Professor launches web-based dictionary, invites entries from everybody.
From alte kaker, or old man in Yiddish, to zatar, an Israeli spice, Americans’ Jewish identity has long flavored their English.
Now a professor has harnessed the Internet to collect those heimish (cozy and warm) expressions that have made their way into the vernacular from sources including, but not limited to, Aramaic, Ladino, Yiddish and Hebrew.
The “Jewish English Lexicon” at jewish-languages.org grew out of Sarah Benor’s “American-Jewish Language and Identity in Historical Context” class at the Hebrew Union College-Jewish Institute of Religion’s Los Angeles campus. It’s a living demonstration of the diversity of Jewish English.
“Certain words identify Jews as being part of certain Jewish subgroups,” she said. Jews use these words to “distinguish themselves not just from non-Jews, but from each other.”
The author of the new book, “Becoming Frum: How Newcomers Learn The Language and Culture of Orthodox Judaism” (Rutgers University Press) Benor has focused since her undergraduate days at Columbia University on the ways Jews use language to build their identities.
As a professor, she put the lexicon on the Internet years ago, but it was in the form of a primitive document that was hard to search. So she secured grants from the American Academy for Jewish Research and the Dorot Foundation to hire a web developer and designer.
The lexicon is, of course, filled with Yiddish, the language of the European Ashkenazi Jews whose descendants account for most of American Jewry. Benor has an expertise in Yiddish herself, but her dictionary draws on several other languages as well.
“That’s why I needed to make it collaborative,” she said. “I don’t have the knowledge to incorporate the words Syrians would use.”
Since the lexicon went live earlier this fall, it’s attracted about 50 editorial changes in which visitors corrected small errors or added additional meanings and added some 24 new words. It has 738 entries.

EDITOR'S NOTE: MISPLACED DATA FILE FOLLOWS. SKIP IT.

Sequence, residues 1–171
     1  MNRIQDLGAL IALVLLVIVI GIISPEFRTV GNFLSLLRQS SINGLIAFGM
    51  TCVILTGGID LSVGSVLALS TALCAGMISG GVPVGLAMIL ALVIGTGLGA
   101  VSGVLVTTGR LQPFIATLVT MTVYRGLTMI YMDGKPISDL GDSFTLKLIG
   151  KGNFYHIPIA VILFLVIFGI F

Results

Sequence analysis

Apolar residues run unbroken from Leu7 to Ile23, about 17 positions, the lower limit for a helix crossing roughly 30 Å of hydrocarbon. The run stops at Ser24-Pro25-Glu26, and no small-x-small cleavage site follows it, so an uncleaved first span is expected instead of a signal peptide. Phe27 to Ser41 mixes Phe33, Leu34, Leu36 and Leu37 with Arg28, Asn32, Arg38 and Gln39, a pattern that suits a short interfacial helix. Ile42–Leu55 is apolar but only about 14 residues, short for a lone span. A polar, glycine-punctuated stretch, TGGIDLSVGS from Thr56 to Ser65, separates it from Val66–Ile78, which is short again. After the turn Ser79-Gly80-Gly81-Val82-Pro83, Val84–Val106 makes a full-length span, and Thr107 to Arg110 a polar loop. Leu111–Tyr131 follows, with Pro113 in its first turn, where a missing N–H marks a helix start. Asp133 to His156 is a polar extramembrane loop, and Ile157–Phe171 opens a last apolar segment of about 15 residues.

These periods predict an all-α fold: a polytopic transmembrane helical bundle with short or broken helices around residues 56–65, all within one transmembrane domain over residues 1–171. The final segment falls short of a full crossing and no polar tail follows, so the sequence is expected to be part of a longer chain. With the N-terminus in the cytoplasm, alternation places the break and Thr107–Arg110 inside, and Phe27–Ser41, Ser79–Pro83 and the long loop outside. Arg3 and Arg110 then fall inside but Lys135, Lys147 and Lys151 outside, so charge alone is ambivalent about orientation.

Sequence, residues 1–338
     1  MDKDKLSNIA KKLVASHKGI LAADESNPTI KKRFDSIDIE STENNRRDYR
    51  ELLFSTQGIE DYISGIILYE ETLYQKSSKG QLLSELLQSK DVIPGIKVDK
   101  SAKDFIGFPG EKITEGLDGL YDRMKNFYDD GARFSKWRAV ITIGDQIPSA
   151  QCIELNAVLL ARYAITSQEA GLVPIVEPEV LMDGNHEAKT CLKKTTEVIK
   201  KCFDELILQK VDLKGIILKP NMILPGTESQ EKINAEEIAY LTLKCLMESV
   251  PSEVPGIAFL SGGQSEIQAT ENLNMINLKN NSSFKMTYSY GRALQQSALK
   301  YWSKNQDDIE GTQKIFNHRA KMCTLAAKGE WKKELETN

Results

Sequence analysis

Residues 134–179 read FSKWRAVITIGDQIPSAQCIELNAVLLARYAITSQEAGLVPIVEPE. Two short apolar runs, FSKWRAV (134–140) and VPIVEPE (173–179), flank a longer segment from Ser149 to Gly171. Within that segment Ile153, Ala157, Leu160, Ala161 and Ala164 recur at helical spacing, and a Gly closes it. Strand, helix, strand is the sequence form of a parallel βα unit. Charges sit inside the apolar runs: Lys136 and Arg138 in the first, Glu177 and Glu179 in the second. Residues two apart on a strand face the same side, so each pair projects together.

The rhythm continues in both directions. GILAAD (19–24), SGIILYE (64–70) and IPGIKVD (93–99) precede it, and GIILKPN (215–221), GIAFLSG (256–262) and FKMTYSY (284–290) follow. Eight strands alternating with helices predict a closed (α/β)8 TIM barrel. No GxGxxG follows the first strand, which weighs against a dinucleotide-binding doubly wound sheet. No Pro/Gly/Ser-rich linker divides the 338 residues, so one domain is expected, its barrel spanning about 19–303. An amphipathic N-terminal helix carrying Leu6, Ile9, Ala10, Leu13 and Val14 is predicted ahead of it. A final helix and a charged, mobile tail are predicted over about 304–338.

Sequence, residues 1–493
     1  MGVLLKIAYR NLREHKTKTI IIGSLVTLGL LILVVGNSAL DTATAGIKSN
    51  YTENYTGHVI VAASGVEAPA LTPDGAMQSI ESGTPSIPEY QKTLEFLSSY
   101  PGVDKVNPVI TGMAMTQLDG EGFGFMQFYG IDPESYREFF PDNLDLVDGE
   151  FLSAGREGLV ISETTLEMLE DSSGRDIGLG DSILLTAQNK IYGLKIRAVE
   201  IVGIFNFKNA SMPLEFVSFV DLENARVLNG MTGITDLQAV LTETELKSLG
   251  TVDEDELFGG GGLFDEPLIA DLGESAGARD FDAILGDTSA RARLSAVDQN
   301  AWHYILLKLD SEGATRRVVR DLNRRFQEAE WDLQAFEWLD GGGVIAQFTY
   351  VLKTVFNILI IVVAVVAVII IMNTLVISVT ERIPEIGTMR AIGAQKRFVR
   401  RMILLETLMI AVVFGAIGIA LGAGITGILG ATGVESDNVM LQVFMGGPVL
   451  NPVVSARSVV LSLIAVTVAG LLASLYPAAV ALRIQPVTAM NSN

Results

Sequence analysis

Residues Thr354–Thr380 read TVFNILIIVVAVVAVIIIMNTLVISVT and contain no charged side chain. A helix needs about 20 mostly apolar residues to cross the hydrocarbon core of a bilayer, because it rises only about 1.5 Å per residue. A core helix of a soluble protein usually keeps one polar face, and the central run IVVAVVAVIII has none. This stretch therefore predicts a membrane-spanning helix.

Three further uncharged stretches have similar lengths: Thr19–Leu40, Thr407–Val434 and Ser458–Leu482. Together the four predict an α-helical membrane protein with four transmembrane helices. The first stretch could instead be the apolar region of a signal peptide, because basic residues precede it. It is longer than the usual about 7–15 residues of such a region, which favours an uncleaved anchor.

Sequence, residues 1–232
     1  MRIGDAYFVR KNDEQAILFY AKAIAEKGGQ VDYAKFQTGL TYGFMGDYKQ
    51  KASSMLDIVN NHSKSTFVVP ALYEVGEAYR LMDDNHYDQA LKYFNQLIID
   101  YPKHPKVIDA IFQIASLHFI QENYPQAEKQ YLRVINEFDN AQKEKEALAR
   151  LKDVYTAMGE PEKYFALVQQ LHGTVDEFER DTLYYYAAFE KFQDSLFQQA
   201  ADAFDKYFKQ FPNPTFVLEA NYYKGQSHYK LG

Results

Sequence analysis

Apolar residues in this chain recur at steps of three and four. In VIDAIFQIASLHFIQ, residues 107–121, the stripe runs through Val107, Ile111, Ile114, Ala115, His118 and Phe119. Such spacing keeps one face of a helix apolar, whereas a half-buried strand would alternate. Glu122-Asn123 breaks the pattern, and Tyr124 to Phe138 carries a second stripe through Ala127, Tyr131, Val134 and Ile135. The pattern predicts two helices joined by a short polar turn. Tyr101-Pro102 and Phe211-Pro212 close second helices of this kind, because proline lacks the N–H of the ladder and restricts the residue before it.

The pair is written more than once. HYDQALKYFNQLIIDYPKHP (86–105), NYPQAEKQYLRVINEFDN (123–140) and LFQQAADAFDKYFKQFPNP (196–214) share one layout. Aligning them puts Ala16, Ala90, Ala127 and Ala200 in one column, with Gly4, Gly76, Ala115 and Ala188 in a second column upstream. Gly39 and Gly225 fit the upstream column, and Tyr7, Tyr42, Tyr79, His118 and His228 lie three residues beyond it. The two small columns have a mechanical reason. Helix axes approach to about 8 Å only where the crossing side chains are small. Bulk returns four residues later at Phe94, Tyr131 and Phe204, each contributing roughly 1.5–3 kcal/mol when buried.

Like Wikipedia, the site encourages users to make corrections, disagree with definitions or add notes by clicking on the button of the relevant entry. The comments are reviewed before they are published.
One visitor to the site even contributed an expression that Benor had never encountered: bayit sheni. In modern Hebrew, it means second house. It also refers to the Second Temple, the one destroyed by the Romans.
But apparently in some ex-Orthodox circles, it also means, according to the site, “A place one repairs to for debauchery after being expelled from one’s initial location.”
Still, the site is “far from complete,” Benor said, noting that it doesn’t yet include, for example, any contributions from Persian Jews.
She hopes it will grow organically as people use the site, and wants individuals to contribute, as did Amy Zabb Amiel, whose husband grew up in the Sephardi community of Seattle, where it’s common to hear phrases in Ladino, the language of Sephardi Jews, in everyday conversation, like hijo bueno, literally “good son.”
The closest Yiddish equivalent is mensch, Amiel said, who contributed not only hijo bueno to the lexicon, but also bragas (underwear), kahal (synagogue) and others.
“Preserving Jewish sayings and words is linked to Jewish survival,” Amiel said. “The lexicon [Sarah] built is a fascinating study of Jewish life today. What expressions are people using in their homes, at the dinner table, when putting their babies to sleep?”
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